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Caesars Isn’t Giving Up, but Is It Enough to Turn Profits Around?

April 29, 2014 | About:
Patricio Kehoe

Patricio Kehoe

7 followers

In the last article I wrote about Caesars Entertainment Corp (CZR), I pointed out that the company’s profits haves declined significantly, due to several factors like the licensing proliferation in the U.S. and the 2009 recession, which resulted in strong revenue declines throughout 2012. Furthermore, I was bearish about the casino’s ability to regain its financial strength, given its lack of free cash flow and immense debt load. With investment gurus like Paul Tudor Jones (Trades, Portfolio) and Joel Greenblatt (Trades, Portfolio) selling out or reducing their shares in the company, it seems as though not much has changed in the past months. But let’s take a look at the Apollo Global Management LLC (APO) controlled casino operator and see if there might be an upside anytime soon.

Is a New Acquisition Really a Good Idea?

After Caesars’ stock plummeted by 25% in March, hitting its lowest point since December, a consequence of management announcing its offer of 7 million common shares (worth $147.6 million), it looked as though the firm would lie back for some time until it regained strength. But to the contrary, last month’s closing of the casino in Tunica, Miss., and the 20% decline in revenue on the Las Vegas Strip properties, seem to have triggered the company’s ambition. In an effort to shift profitability towards a positive trend looking forward, the casino operator stated this week that it would be posting a $1 million bid, in order to acquire one of four available gambling licenses in New York. While Caesars is the only Nevada-based gambling firm to the bid so far, it will be competing against 15 other companies, like Foxwoods Resort Casino and Kuala Lumpur-based Genting Bhd. for the licenses.

The firm plans to build its New York gambling resort in Orange County, 50 miles outside of Manhattan, for $750 million, in an attempt to compete with Las Vegas Sands Corp. (LVS)’s venue outside of Bethlehem, Penn. Although a new casino could eventually increase revenue in the long term, my concerns regarding Caesar’s debt load remain strong, and I believe another purchase may hurt the company, instead of favor it. In fact, while fiscal 2013 lacked any sort of free cash flow, debt levels continue to rise, having increased from 2012’s $19.8 billion to a current $20.9 billion. This sort of leverage could be detrimental should another economic crisis occur, causing EBITDA margins to decrease by 20% or more, putting too much pressure on the already negative $2.2 billion EBITDA.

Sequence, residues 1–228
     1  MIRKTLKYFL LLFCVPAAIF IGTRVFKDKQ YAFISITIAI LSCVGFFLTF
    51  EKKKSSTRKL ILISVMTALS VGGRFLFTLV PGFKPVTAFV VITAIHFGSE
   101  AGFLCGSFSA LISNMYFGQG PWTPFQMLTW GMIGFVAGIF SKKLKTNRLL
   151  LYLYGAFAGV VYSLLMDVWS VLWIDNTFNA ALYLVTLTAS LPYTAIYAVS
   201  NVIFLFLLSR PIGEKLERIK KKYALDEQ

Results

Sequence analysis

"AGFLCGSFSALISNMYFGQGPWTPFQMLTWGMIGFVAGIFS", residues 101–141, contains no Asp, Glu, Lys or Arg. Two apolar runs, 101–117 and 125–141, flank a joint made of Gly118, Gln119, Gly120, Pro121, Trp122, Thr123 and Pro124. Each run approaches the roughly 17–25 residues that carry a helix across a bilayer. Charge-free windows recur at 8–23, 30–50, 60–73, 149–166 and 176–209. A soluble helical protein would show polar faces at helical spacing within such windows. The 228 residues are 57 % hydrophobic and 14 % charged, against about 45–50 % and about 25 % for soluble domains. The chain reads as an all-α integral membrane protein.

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Look the Other Way

Despite some factors that could eventually contribute to the company’s profit, such as the recent passage of online gambling legislation in New Jersey, which will contribute $30 million to EBITDA by 2017, I remain bearish about Caesar’s long-term future. While the Las Vegas casino’s revenue will grow at a 4.1% CAGR and EBITDA will likely recover 330 basis points to 29.9% over the next decade, due to cost-cutting initiatives and a leveraging of fixed costs, I don’t see this casino operator as a profitable investment, given the maturity of the market.

Furthermore, earnings per share continue to fall at a strong pace, declining from 2012’s negative $12.04 to a current negative $22.9. In addition to this, returns on assets have also plummeted consistently over the past few years, falling from a positive 2.86% to a current -11.9%. All in all, I don’t see Caesar picking up on its profitability any time soon, so I would recommend investors to stay away from this casino operator for the time being.

Disclosure: Patricio Kehoe holds no position in any stocks mentioned.

About the author:

Patricio Kehoe
A fundamental analyst at Lone Tree Analytics

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